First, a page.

EDITOR OF REDSTATE
Morning Briefing for February 11, 2011
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In case you missed it, Leon Panetta was called before Congress today and asked to explain exactly what in the world is going on over in Egypt. His answer was, essentially, “No worries, Mubarak will be stepping down by the end of the day.” As you may have noticed, that did not happen. This raised the rather obvious question of where the Director of the CIA got this thoroughly erroneous information that he gave to Congress. It turns out, he got it from the same place the rest of us got it: from watching his television.
Rumor has it that House GOP freshmen and the conservative Republican Study Committee (RSC) led by Jim Jordan beat the snot out of House Republican leadership and that the leadership is working on getting to $100 billion in cuts.
If that happens, it is great news – but there remains a big problem.
The problem is that by being so timid, Republicans are making their overall fight to cut spending all the more difficult. We all know that any cuts proposed will be painted by Democrats and a willing media as draconian and unfair. The poor will be out on the streets, food will be taken from children, etc…
That is why it was (and remains) so critical that Republican leadership get on the offensive immediately. They need to make the case for spending cuts, and that the $100 billion is nothing more than a first step of many more to come. To do otherwise means that we are going to just have more of the same – token cuts to pacify the base, or the Tea Party folks – but no real commitment to changing the culture of reckless spending that permeates Capitol Hill.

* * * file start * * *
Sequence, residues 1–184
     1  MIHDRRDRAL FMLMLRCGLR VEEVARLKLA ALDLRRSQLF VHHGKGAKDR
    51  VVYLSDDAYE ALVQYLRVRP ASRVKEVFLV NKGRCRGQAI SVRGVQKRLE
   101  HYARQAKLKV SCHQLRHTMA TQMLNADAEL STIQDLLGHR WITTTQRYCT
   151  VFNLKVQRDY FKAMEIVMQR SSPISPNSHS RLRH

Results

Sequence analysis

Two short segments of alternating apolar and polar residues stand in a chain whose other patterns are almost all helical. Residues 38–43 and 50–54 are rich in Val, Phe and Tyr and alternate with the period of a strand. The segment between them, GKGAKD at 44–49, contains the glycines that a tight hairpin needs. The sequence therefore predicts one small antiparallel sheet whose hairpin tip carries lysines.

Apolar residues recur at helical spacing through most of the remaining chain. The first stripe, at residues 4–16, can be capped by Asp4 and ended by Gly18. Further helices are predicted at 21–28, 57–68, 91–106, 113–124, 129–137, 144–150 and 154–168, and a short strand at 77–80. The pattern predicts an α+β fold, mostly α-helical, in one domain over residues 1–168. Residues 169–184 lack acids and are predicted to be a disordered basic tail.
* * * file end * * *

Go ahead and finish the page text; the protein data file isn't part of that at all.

The American people gave Republicans license to cut – but Republicans will have to work very hard to do it and explain why it’s important as time goes on.
Senator Jon Kyl (R-AZ) is throwing in the towel and retiring from the Senate.
Much speculation will be had over the next few weeks about who to endorse and who to support.
Let me be up front and just say I endorse Jeff Flake for the United States Senate.
Now . . . now we just need to get him to run. Details. Just a detail.
Today’s business news contains two seemingly unrelated stories, both on the energy front. The first tells the tale of Range Fuels’ foray into cellulosic ethanol, the process of making ethanol fuel, not from foodstuffs but from waste products such as wood chips. Even with government assitance with financing and with a Congressional mandate requiring customers to use their inferior fuel, Range Fuels’ project is a bust, to the tune of $250 million, a good bit of that taxpayer money.
The Republican spending cut plan was thankfully moving in the right direction, but that it is not yet where it needs to be to comply with the Pledge to America. In the view of many conservatives, that pledge was clear with respect to how the $100 billion number would be arrived at, especially with respect to defense spending. Republicans promised not to rely on defense cuts to meet their goal, but now Republican leadership is pushing back.
Leadership’s argument is that the Pledge never specifically said “nonsecurity,” but rather “troops” and “veterans” and thus, the latest proposal from the Appropriations Committee meets the $100 billion target as promised.
Egyptian President Hosni Mubarak has decided not to step aside and will in fact stay in power until the elections in September. Early reports today indicated that he would resign the presidency, and hand over power to his Vice President, Omar Suleiman.
When the estimated three million energetic Egyptians who had gathered in Cairo’s Tahrir Square in anticipation of Mubarak’s ouster learned of his decision, anger erupted across the crowd and tensions immediately rose. The demonstrators had been chanting “down, down Hosni Mubarak” as they carried anti-Mubarak signs and watched the speech on a large sheet acting as a projection television.